I finagled my way down a circuitous route through the forlorn village of Napton, which actually turned out to have a couple historical attractions. The first thing we noticed was the old Zoar Baptist Church, complete with a historical marker explaining the history of the parish as well as an adjacent cemetery. Along one of the four streets in town, we passed an odd-shaped building with a stone marker in front indicating that the site had been the location of the Jonesboro courthouse from 1831-1839. At some point after this, the county seat moved to Arrow Rock and the town was named Napton. Seeing this marker, and another more crude wooden signpost indicating the same, revealed a piece of history previously unbeknownst to us.
The road bounced through the rolling countryside to the town of Nelson. The water tower standing as a sentinel over the town, Nelson was pleasantly dull. A sharp curve as we drove into town passed by a vivid robin’s egg blue colored house. Functional businesses such as the city hall and post office could be found on the main street.
A few miles away, a dramatically different town even smaller than Nelson awaited us. The historic town of Blackwater, with a wide one-block main street and parking down the middle, offered a vast array of shops. Several of them were still open or gearing up for the weekend’s May Fest antique fair. I’d been to Blackwater once before when I was passing through on a drive back to the east coast, but it had since embellished its storefronts and caliber of offerings. We didn’t have time to shop, but it was a welcome sight after passing through small towns that were relatively nondescript. On our way out, we passed a decorative wooden mushroom, clearly hand-painted and possibly for sale at one of the shops in town.
Finally we found the Days Inn at Boonville, checked-in and had a few moments to rest before heading north to Fayette for dinner at Cousin Ginny’s. I found myself driving through Boonville and New Franklin for the second time in a month’s time, as I’d passed through here on my drive from Columbia to Saint Marys. Fayette was a cute town, complete with a stunning white courthouse in the town square. Ginny’s place was pretty easy to find. It was nearly in the country, although technically still within the city limits. When we arrived, we were greeted by her and her daughter Mary Ann. What a warm welcome!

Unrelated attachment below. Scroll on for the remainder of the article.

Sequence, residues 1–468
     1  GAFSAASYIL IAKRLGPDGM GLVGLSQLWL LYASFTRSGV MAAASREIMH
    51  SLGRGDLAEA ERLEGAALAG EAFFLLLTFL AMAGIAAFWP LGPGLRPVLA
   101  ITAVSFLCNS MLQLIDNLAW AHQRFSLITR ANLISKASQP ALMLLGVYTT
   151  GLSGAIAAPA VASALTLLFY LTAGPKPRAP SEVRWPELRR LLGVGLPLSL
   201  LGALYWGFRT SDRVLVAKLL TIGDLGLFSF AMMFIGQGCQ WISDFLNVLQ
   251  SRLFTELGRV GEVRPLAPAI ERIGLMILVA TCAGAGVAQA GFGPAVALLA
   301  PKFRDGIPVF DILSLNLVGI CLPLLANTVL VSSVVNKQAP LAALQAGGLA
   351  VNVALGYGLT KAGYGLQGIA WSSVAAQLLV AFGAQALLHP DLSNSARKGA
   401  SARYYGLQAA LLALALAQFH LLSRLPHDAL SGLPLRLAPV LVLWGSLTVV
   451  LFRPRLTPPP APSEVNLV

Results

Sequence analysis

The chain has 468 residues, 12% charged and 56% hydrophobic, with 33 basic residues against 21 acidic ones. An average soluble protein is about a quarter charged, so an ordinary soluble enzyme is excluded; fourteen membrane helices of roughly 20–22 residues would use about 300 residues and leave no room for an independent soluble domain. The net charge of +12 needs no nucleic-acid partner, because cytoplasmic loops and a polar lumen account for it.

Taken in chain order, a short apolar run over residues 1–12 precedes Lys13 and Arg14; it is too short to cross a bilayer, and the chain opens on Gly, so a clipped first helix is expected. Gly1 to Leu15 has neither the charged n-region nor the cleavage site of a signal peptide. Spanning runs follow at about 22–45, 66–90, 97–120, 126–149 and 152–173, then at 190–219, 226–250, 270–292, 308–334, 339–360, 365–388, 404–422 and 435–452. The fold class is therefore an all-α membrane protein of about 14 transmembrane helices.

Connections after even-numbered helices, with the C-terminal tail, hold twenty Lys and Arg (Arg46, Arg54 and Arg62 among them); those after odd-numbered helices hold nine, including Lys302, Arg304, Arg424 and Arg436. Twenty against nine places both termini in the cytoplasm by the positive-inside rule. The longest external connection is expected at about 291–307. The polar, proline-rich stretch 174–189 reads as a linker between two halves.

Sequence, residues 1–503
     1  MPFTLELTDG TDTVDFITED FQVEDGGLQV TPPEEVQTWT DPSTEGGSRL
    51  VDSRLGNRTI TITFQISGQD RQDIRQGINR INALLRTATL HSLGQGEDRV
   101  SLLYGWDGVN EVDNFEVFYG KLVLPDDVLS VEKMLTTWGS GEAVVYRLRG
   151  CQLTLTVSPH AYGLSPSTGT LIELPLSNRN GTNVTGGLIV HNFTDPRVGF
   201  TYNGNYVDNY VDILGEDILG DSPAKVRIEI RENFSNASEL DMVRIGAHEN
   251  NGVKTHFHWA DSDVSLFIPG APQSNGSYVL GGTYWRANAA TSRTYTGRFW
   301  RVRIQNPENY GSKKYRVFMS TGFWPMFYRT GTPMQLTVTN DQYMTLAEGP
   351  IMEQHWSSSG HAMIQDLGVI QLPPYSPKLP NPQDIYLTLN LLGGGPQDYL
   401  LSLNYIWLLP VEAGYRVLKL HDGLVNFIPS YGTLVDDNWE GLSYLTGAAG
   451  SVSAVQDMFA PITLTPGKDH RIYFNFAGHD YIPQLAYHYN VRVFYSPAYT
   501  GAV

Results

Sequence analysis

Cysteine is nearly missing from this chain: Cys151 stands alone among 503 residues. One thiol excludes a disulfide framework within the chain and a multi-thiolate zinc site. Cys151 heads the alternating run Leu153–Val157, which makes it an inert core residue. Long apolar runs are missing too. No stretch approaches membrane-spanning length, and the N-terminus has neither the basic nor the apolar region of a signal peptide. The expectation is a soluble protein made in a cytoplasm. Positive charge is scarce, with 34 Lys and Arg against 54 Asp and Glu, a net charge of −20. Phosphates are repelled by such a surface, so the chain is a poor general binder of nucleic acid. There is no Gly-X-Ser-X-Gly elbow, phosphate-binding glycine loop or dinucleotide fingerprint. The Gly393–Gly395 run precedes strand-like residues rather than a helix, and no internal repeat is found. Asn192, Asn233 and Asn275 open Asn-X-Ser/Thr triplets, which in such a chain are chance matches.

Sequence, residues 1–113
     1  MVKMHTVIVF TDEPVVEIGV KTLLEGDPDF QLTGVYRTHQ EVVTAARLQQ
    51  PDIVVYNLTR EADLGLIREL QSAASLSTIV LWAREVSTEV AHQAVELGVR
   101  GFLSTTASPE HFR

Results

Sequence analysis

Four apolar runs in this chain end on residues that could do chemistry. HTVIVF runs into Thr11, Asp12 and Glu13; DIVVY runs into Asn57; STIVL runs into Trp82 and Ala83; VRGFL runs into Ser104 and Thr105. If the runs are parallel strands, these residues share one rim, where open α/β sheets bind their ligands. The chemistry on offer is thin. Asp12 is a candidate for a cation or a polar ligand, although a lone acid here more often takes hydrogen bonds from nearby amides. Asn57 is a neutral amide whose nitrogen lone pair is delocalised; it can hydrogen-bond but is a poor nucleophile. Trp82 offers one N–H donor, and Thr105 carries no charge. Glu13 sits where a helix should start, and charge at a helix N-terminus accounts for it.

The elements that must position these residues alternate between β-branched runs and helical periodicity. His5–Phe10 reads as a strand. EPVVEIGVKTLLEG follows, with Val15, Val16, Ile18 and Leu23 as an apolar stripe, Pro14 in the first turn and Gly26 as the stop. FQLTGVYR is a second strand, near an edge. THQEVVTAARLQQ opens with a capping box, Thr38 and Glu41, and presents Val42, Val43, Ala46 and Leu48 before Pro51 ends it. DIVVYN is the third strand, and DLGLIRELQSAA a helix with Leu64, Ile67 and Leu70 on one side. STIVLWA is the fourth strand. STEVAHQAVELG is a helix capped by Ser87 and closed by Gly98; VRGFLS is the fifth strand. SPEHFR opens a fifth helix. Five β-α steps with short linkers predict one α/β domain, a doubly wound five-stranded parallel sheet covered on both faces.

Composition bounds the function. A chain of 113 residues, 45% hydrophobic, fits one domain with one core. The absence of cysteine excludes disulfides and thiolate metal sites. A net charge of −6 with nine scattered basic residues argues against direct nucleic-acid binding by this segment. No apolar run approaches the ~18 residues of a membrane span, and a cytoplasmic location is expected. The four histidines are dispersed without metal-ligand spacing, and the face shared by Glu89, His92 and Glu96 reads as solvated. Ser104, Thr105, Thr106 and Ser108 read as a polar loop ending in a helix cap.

We all sat down to a homemade dinner of pork roast, mixed vegetables, potato casserole (with cornflake crust on top) and dinner rolls. For dessert we had cake and ice cream. We talked for several hours while we watched the day turn into night. The idyllic view from her back porch revealed verdant pasture, a small pond and grazing brown and white horses. A myriad of crickets and other nocturnal insects provided the symphonic soundtrack to our conversation. Ginny beckoned us to come to the front porch to see the full moon over the neighbor’s field. Indeed it was bright and whole, illuminating the landscape in hues of silver.
We were bushed, so we left around 9:30 to drive the 15 miles back to the motel. As we pulled out of Ginny’s driveway, critters scurried to and fro to escape the onslaught of our car’s tires. We made plans to meet up and go for brunch in the mid-morning, although Mary Ann had to work and wouldn’t be able to join us. It was an easy drive and soon we were back in the motel room, flipping through the television channels and getting ready to crash after a long day. I wasn’t sure what the next day would bring, but there were plenty of nearby options and the weather was forecast to be beautiful.
Note: this content was originally posted on my old Blogger site “The Nystagmus Zone, Volume 3.”